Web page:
It isn’t your cannabis that gives you medicinal benefits. It’s the flower’s cannabinoids that we can thank for its medicinal and recreational properties. While we’ve known about cannabinoids for some time, we haven’t known much about them.
That has changed in recent years thanks to more studies in regards to the effects of particular compounds and cannabinoids at large.
The Evolving World of Cannabinoids Extends Beyond THC and CBD
Now, cannabinoid research shows no signs of relenting. As medical marijuana booms across the globe, research into specific cannabinoids grows with it. While we all know and love THC and CBD, a growing world of other cannabinoids offer unique properties that could provide relief to patients as well. It’s time to get to know some of those potentially helpful cannabinoids.
Cannabinoids are the group of active chemical compounds secreted from cannabis flower when decarboxylated (heated). Currently, there are 113 known plant cannabinoids with at least 85 therapeutic medical benefits. Select cannabinoids are known to provide healing effects for a range of needs, including neurological and gastrointestinal conditions.
Cannabinoids share similar properties to endocannabinoids produced in the body. Both interact with the body’s cannabinoid receptors for a span of bodily functions. It is believed that their primary purpose is to promote homeostasis.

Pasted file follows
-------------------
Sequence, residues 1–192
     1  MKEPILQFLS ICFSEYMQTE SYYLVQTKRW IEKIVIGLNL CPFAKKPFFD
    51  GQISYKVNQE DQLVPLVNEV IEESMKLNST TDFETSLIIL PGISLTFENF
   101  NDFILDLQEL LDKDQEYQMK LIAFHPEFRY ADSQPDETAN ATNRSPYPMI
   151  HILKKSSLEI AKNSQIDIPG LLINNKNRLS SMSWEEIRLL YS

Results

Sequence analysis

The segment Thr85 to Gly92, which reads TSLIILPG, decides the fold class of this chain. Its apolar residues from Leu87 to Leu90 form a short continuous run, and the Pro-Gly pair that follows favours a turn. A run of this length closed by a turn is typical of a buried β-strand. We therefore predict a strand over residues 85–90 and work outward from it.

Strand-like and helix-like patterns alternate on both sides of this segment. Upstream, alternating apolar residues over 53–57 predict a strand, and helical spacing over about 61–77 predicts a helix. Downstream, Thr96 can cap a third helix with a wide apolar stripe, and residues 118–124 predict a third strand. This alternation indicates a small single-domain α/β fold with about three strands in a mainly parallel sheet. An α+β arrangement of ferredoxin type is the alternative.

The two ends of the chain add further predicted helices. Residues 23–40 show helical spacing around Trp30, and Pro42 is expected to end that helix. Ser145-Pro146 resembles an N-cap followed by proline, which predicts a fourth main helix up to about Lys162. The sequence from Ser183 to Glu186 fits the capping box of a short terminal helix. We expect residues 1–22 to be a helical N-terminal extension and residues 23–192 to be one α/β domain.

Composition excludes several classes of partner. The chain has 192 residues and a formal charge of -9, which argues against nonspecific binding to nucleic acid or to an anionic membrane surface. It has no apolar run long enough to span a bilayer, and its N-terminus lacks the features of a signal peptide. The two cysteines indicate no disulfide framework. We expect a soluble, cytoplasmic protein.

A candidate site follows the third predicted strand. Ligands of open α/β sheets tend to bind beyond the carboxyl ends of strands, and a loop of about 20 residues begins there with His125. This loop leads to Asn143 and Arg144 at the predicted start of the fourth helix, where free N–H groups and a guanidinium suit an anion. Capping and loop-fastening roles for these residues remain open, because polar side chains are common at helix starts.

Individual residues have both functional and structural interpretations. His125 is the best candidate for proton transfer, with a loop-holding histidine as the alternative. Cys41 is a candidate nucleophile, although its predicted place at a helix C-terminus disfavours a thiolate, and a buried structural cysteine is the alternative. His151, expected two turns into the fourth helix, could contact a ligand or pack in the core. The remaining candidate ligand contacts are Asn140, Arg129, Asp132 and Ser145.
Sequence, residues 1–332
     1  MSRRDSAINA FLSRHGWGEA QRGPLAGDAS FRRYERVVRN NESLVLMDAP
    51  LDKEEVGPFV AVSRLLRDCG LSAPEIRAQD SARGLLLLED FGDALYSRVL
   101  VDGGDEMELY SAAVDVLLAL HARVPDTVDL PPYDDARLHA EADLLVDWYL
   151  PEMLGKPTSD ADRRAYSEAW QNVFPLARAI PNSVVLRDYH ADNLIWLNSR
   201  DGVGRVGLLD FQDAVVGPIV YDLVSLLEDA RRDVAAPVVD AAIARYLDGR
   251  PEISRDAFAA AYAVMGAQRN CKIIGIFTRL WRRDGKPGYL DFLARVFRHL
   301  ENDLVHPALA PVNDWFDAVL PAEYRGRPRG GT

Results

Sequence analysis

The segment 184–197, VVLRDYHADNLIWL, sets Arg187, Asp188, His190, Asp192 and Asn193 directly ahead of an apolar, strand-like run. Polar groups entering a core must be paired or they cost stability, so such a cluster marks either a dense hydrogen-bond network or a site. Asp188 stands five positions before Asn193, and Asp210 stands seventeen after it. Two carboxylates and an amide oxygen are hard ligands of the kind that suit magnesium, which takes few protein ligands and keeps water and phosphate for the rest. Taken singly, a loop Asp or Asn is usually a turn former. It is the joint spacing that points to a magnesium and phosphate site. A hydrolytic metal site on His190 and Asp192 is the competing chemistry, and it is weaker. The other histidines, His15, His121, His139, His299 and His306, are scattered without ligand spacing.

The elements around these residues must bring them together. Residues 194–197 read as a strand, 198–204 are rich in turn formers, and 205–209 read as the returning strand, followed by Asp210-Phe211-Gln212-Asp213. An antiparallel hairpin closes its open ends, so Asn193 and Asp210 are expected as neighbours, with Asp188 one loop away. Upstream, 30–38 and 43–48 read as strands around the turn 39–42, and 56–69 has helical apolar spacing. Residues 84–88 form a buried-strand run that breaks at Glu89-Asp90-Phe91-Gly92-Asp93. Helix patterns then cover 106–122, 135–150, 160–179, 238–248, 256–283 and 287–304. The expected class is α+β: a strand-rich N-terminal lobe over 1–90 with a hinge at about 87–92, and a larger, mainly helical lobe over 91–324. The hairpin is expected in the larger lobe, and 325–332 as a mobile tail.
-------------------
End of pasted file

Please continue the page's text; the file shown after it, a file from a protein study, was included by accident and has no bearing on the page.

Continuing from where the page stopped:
These cannabinoids bind to receptors throughout our body. The most common cannabinoid, tetrahydrocannabinol (THC), links to the brain (CB1 receptors) and produces the psychoactive effects that result in a user feeling high. Meanwhile, cannabidiol (CBD), binds to receptors throughout the body (CB2 receptors), making it ideal for those with body pains. Going further, CBD is non-psychoactive, and some cannabinoids can even fight the psychoactive effects of THC. This has led to the rise of products like CBD oil and the erosion of the antiquated “stoner” stereotype.
In fact, most cannabinoids won’t leave you feeling high – which makes them so ideal for a number of patients! However, they will serve a range of pains and medical conditions. For example, a Tourette’s syndrome patient may benefit more from THC. Meanwhile, CBD of another cannabinoid, CBG, could aide an anxiety sufferer.
The study of cannabinoids continues to evolve. Significant developments only came to light in the past few decades, starting in the 1980s. As more countries study the compounds within cannabis, we’ll begin to understand the exact capabilities and effects of cannabinoid acids.
Some of the Major Cannabinoids
With numerous potential health benefits of cannabinoids, it can be difficult to pinpoint the most beneficial. In popularity, THC and CBD remain the most well-known by leaps and bounds. Meanwhile, current and upcoming studies could put researchers one discovery away from discovering the next noteworthy chemical compound.
Here are a few that may assist a medical cannabis patient!